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"Ta Chin" (Great Golden): The Origin and Changing Interpretations of the Jurchen State Name

Hok-Lam Chan 陳學霖
T'oung Pao
Second Series, Vol. 77, Livr. 4/5 (1991), pp. 253-299
Published by: Brill
Stable URL: http://www.jstor.org/stable/4528536
Page Count: 47
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"Ta Chin" (Great Golden): The Origin and Changing Interpretations of the Jurchen State Name
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Abstract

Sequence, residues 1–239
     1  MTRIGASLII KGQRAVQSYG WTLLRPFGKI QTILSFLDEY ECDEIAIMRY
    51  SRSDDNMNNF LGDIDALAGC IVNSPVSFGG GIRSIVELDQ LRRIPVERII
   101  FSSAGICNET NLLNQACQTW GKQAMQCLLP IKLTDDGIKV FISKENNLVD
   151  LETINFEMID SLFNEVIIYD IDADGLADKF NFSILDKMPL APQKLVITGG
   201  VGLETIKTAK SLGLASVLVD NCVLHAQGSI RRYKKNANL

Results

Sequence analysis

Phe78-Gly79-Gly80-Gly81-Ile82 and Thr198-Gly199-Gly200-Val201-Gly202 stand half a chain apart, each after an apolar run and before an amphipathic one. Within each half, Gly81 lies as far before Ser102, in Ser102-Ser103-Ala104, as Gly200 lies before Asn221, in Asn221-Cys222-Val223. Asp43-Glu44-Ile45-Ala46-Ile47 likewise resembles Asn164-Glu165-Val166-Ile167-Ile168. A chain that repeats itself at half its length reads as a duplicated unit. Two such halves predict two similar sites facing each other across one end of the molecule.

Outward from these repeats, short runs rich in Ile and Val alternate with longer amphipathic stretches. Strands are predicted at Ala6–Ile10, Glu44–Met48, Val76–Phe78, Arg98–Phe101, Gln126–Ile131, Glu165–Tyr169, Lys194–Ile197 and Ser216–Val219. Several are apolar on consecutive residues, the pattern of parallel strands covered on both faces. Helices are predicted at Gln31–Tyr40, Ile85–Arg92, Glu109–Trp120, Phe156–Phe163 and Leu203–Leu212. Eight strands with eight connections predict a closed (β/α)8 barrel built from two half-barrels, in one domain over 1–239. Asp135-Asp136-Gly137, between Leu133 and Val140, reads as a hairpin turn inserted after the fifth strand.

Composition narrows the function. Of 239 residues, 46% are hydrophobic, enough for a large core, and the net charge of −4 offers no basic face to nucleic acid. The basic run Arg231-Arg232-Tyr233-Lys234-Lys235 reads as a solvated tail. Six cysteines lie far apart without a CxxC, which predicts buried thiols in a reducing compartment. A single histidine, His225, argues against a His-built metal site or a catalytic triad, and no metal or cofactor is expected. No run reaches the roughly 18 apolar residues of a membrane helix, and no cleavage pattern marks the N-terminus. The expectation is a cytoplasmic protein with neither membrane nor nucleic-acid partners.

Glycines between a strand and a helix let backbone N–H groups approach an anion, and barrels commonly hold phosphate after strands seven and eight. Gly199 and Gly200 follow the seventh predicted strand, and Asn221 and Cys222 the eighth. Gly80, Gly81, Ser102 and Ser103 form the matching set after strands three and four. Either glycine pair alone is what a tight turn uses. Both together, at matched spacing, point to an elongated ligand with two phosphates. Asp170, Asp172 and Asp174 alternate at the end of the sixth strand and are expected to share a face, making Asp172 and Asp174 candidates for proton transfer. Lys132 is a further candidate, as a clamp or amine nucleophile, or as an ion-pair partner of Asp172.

This paper examines the origin and changing interpretations of the name "Ta Chin" of the Tungusic Jurchen state which ruled over North China from 1115 to 1234. "Ta Chin" originally means "Great Golden." It was derived from the An-ch'u-hu River in eastern Manchuria where the imperial clan of the Jurchen tribes founded their settlement. The name means "gold" because it was believed that the river produced gold or metal. The Jurchen state name, however, was subjected to a mystical new interpretation since the early 13th century according to the cyclical pulsation formula of the cosmological theory of dynastic successions. It occurred when the Jurchen rulers inaugurated court discussions to designate a cosmic patron of the state to legitimize its succession to a past Chinese dynasty as a result increased sinicization. Those who favored Chin succeeding T'ang averred that the name "Chin" evokes Metal Power, but those who preferred succeeding Sung proposed Earth Power. The latter was adopted, and the significance of the state name as a symbol of Jurchen native heritage gradually waned. This study thus provides a vivid illustration of the pervasive impact of the Chinese political tradition on a non-Han seminomadic state after it reached a mature stage of development on Chinese soil. It is striking that for similar reasons the Manchu rulers of the Ch'ing, descendants of the Jurchens, also adopted different state names and subjected them to various interpretations in the course of dynastic founding and consolidation.

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